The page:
Wavves had the crowd in a frenzy; we stood back where the moshing was less intense

Perhaps Williams is so popular because his music fills the pop-punk void left when Blink-182 and Green Day became more self-serious: his songs are anthems for kids yearning for catchy, angry, Endless Summer rock ‘n roll.  As Wavves’ mangy bass player announced the song “King of the Beach,” a trio of high schoolers shoved past me as they raced to the front row.  We stood back and basked in the crowd’s energy, and we couldn’t help but dance and try to sing along.


by e baby and Spaceman Spiff

Music News and Interviews

Best Coast, Coconut Records, and more Provide for Holiday Mix

Recently Anastassia brought to my attention that Target has released a free mixtape that includes a wide range of artists including a collaboration between Best Coast and Wavves, Coconut Records, Bishop Allen, Darker My Love, and more. The bands featured on the mixtape have recorded individual tracks, unique to the collection that Target has put on its website. The tracks are avaliable to download right here. To get an idea of the cheerful winter season vibes throughout, check out the Best Coast/Wavves track below.

Weekly Charts

Week of 8/9: Top Ten albums of Daytime Rock

Artist Album Label
#1 MYSTERY JETS Serotonin Rough Trade
#2 JAILL That’s How We Burn Sub Pop
#3 WAVVES King of the Beach Fat Possum
#4 MAPS AND ATLASES Perch Patchwork Barsuk
#5 DAN SARTAIN Dan Sartain Lives One Little Indian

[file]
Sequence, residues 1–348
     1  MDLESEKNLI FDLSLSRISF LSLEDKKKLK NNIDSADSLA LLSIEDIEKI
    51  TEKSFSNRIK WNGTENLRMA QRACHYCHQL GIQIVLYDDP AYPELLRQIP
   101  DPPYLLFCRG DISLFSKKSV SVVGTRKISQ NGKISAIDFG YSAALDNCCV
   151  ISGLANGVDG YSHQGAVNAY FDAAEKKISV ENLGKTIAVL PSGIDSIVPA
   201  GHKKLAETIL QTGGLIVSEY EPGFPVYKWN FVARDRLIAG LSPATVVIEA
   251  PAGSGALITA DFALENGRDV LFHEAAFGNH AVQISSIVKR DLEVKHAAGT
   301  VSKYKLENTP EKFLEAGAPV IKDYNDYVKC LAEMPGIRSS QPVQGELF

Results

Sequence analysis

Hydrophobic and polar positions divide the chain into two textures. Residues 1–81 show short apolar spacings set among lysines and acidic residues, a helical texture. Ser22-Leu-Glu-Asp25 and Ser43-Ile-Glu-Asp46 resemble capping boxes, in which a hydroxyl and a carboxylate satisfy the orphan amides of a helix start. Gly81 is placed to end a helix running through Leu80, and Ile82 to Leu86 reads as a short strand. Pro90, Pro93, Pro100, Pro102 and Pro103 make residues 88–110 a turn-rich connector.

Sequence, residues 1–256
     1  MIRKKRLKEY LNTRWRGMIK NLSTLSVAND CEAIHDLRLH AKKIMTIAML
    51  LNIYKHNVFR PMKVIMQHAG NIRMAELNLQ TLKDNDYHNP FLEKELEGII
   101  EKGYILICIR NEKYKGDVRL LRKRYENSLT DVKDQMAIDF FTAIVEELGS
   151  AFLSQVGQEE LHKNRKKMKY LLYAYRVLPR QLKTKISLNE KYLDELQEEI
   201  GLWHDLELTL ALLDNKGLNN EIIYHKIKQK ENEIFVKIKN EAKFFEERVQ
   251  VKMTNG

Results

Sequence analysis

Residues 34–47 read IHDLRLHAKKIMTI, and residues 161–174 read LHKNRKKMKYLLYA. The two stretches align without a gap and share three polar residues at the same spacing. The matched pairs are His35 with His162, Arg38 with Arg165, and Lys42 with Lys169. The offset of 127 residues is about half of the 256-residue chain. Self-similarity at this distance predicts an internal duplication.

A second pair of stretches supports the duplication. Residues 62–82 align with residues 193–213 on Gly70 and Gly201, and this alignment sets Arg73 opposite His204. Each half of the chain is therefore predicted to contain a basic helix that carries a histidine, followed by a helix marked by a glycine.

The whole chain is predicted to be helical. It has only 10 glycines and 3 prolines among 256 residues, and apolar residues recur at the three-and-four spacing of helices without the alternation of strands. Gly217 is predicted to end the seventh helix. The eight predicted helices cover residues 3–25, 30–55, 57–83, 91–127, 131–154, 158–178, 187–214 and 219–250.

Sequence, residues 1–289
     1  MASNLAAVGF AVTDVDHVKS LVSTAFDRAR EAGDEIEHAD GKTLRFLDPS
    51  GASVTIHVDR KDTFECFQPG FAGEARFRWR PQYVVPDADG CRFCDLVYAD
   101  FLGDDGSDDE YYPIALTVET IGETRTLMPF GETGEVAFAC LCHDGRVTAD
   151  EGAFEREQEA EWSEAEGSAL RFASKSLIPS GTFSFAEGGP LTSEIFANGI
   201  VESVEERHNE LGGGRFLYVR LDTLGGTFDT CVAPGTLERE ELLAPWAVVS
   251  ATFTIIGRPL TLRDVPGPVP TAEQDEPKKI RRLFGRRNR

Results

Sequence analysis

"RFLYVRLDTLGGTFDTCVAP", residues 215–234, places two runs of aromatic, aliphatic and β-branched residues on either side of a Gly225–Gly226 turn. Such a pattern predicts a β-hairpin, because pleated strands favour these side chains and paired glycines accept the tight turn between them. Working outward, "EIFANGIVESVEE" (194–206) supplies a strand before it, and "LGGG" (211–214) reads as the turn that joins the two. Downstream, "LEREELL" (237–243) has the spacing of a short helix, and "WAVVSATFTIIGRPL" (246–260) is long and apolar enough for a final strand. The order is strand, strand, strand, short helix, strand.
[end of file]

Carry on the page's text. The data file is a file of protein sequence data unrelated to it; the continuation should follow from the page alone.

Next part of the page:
#6 LIGHTS ON Here Comes the Ocean self-released
#7 STILL FLYIN’ A Party in Motion [EP] Ernest Jenning
#8 DARKER MY LOVE Alive as You Are Dangerbird
#9 ARCADE FIRE The Suburbs Merge
#10 COTTON JONES Tall Hours in the Glowstream Suicide Squeeze
Weekly Charts

8/2 Top 10 albums WKNC’s Daytime music

Artist Album Label
#1 JAILL That’s How We Burn Sub Pop
#2 MAPS AND ATLASES Perch Patchwork Barsuk
#3 WAVVES Kind of the Beach Fat Possum
#4 LIGHTS ON Here Comes the Ocean self-released
#5 DAN SARTAIN Dan Sartain Lives One Little Indian
#6 LONE WOLF The Devel and I Bella Union
#7 BEST COAST Crazy for You Mexican Summer
#8 BOOKS The Way Out Temporary Residence
#9 ARCADE FIRE The Suburbs Merge
#10 MINIATURE TIGERS Fortress Modern Art
Music News and Interviews

DJ Ones’ Five Music Facts from the past week

1. The Antlers have announced that they are releasing a free ep. The two track ep is entitled, “New York Hospitals” and includes a brief introduction to their popular song, “Sylvia.” Alongside the free ep, the band have released a music video for their song “Sylvia.” (via Pitchfork)

2. Crystal Castles have announced that they are set to release their second full length. Just like the first album, their second will also be titled “Crystal Castles.” The new LP is set to release in North America on June 8th through Fiction records. (via Pitchfork)

3. Wavves’ front man Nathan Williams has announced on the band’s blog that they are currently in the mixing process for their sophomore album. Williams enthusiastically wrote on the blog, “SOUNDS CARAAAZAAAAAAYYY AND WILL BE OUT THIS SUMMER. SEEEEEE YA!” (via Pitchfork)

4. Supergrass has sadly announced that they will be breaking up. Jokingly the band cited a “17 year itch” for the reason for breaking up. They were working on a new album before the announcement of their breakup. No plans have been announced if they will release this material. The band will make the split official after their upcoming tour is finished. (via NME)

5. Rumors that Rob Pattinson will be playing the role of Kurt Cobain in the biopic about the 90s grunge rocker. Courtney Love’s manager has since denied rumors that the part would be going to the “Twilight” actor. Love told the Canadian Press, “Isn’t that so stupid? Who would cast him?” When given her direct opinion who would be best to play Kurt, Love mentioned both Ryan Gosling and James McAvoy. (Spin)